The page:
TIMELY TOPICS IN THEATERWORKS’ “SPEECH & DABATE”
By Tom Holehan
Three high school misfits join forces in “Speech & Debate”, the dark comedy by Steve Karam currently on the boards at Hartford TheaterWorks.  This is just the kind of contemporary, off-Broadway offering that TheaterWorks excels at and, under the able direction of Henry Wishcamper – whose wonderful production of “The Seafarer” was a highlight at the theatre last December; “Speech & Debate” will no doubt entertain and delight a full house of eager audiences throughout its run.


Mr. Karam’s ear for the way teenagers talk and insight into the way they maneuver in an adult world is his major achievement here.  “Speech & Debate” features three extremely well-drawn characters in the form of frumpy wannabe actress Diwata (Jee Young Han), openly gay outsider Howie (Carl Holder) and nerdy, would-be reporter Solomon (Ben Diskant).  The teens all meet – more or less – online and one of the issues that Mr. Karam’s witty and wise script makes immediately clear is the myth of online anonymity.  “You read my blog?”, wails Diwata at one point, “That’s my private journal!”.


The kids all have sexual secrets they are keeping but also share a target: one of their male teachers has been approaching young boys online and Solomon, who pictures himself the next Carl Bernstein, enlists the help of Diwata and Howie into breaking the story.  Diwata and Howie have their own agenda, of course, and part of the fun of “Speech & Debate” is the way the teens’ friendship of necessity is never sentimentalized and that each, ultimately, have a desire to be noticed and heard.


The cast at TheaterWorks is generally fine with Ms. Han (making an impressive professional stage debut) stealing every scene she’s in as a Broadway diva-in-training.  Try to contain yourself as Han manages to extol the virtues of Arthur Miller’s “The Crucible” and the Broadway musical “Wicked” in the same sentence. She’s also hilarious delivering her nightly podcasts or rewriting “The Crucible” as a musical with her playing Mary Warren hooking up with a teenage Abe Lincoln.  Don’t ask.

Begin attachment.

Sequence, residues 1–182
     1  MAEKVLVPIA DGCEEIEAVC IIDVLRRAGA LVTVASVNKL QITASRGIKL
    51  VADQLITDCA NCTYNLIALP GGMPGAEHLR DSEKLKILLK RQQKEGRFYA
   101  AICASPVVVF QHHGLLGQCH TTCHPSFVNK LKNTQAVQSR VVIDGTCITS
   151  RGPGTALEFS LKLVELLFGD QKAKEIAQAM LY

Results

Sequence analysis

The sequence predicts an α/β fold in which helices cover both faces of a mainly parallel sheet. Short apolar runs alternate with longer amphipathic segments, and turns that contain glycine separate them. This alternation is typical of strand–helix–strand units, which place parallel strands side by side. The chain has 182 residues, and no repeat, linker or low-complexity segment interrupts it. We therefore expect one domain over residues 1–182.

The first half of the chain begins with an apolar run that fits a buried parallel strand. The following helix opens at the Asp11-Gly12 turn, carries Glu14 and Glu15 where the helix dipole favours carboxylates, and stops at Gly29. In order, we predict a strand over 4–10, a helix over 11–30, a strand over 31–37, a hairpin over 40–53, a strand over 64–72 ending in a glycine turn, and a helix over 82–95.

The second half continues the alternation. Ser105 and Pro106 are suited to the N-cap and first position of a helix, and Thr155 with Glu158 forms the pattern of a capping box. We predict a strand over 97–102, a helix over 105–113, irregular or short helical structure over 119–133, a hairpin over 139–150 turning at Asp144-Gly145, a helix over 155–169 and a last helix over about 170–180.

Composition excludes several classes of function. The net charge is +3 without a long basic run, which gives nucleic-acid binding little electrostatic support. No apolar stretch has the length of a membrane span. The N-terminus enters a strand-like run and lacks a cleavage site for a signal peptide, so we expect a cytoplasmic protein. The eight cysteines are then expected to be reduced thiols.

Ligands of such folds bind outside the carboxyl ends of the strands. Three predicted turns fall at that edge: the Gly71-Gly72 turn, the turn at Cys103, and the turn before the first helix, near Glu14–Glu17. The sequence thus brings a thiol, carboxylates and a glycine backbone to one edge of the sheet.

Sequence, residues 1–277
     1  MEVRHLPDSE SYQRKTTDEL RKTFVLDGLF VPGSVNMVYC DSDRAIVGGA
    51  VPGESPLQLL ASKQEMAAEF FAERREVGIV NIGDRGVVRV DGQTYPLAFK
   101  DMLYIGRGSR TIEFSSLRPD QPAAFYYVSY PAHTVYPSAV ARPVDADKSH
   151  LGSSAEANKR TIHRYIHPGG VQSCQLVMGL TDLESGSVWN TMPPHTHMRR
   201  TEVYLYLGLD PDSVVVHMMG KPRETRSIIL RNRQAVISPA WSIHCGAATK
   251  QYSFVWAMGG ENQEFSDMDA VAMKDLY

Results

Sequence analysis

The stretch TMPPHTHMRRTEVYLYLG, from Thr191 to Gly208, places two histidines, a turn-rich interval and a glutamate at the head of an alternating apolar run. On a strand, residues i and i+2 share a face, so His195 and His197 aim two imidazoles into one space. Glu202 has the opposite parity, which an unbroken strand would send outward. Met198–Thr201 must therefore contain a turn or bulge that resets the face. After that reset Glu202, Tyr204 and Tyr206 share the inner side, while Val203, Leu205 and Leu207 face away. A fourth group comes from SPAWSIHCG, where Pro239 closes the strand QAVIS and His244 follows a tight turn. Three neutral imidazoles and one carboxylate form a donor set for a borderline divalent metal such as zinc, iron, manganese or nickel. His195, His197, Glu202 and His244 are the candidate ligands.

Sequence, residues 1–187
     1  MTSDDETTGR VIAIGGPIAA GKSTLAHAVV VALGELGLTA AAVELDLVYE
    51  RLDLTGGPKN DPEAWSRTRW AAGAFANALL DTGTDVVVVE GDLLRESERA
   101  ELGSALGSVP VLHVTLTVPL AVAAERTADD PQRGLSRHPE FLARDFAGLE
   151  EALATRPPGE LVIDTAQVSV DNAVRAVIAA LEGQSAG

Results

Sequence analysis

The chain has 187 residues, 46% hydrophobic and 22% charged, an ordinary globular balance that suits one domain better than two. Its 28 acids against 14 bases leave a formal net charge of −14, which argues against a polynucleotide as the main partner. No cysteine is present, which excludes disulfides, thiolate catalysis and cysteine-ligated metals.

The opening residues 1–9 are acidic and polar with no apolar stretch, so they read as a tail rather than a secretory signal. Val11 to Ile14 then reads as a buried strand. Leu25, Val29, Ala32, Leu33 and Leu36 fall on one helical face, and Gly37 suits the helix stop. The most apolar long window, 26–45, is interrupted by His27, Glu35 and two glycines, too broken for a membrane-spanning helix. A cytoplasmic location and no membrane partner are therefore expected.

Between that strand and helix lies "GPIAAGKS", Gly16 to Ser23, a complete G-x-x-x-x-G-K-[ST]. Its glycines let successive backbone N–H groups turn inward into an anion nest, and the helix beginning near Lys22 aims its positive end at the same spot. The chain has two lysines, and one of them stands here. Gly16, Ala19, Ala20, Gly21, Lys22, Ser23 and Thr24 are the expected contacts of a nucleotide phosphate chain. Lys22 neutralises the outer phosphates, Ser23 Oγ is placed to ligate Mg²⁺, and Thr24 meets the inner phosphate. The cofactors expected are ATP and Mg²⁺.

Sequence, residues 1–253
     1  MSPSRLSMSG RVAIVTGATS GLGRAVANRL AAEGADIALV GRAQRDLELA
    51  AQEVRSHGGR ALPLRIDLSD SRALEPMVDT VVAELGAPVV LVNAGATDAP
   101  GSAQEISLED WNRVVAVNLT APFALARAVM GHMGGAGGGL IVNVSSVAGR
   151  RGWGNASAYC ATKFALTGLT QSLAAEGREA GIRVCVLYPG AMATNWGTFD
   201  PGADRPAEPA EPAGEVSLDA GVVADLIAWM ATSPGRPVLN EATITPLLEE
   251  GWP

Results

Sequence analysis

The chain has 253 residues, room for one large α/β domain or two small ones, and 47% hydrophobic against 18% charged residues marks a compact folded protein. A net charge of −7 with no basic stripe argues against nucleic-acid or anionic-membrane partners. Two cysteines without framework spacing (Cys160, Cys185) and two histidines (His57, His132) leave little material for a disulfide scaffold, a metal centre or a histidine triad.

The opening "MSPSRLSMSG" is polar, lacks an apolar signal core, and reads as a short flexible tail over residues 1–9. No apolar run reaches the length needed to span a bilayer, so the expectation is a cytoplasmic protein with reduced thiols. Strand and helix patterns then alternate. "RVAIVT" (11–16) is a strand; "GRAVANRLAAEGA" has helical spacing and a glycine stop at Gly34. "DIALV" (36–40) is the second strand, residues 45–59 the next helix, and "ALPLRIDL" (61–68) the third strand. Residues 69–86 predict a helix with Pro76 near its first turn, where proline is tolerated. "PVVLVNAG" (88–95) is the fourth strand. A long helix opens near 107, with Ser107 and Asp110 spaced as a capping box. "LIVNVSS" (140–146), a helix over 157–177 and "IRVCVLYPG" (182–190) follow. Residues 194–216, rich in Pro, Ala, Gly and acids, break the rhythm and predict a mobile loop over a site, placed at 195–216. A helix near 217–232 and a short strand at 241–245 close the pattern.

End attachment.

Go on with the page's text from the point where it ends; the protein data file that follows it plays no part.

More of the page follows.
But one drawback with the casting – and it’s not an insignificant one – is that none of these mature performers ever make us believe they could currently be enrolled in high school.  It would be nice to see a production with age-appropriate actors and at TheaterWorks the cast often forces the issue with broad gestures – playing at their younger selves instead of relaxing into the roles.


Still what does work in “Speech & Debate” works very well indeed.  Mr. Holder channels      Richard Simmons for his comfortably gay Howie while masking a deep insecurity for a young man ultimately looking for acceptance.  Mr. Diskant’s initially aggressive Solomon has the most complicated character arc but handles the changes with ease and efficiency.  Eva Kaminsky is also effective (and age appropriate) in two small roles as a frustrated high school teacher and an ambitious reporter.


Luke Hegel-Cantarella's vivid blue-on-blue setting transforms into several creative playing areas and Bart Fasbender’s sound design captures the mood and youth centric attitude with rare perception.  So, of course, does Mr. Karam’s winning script.  I look forward to his next effort.


“Speech & Debate” continues at Hartford TheaterWorks through July 26.   For further information and tickets reservations call 860.527.7838 or visit www.theaterworkshartford.org.


            Note to Management:  Will a TheaterWorks production ever start on time?  We love you guys, truly, but the endless curtain speeches HAVE to stop!


Tom Holehan is co-founder of the Connecticut Critics Circle and Artistic Director of Stratford’s Square One Theatre Company.  He welcomes comments at: tom@stratford.lib.ct.us.  His reviews and other theatre information can be found on the Connecticut Critics Circle website and blog: www.ctcritics.org.
This review originally appeared in the Elm City Newspapers.


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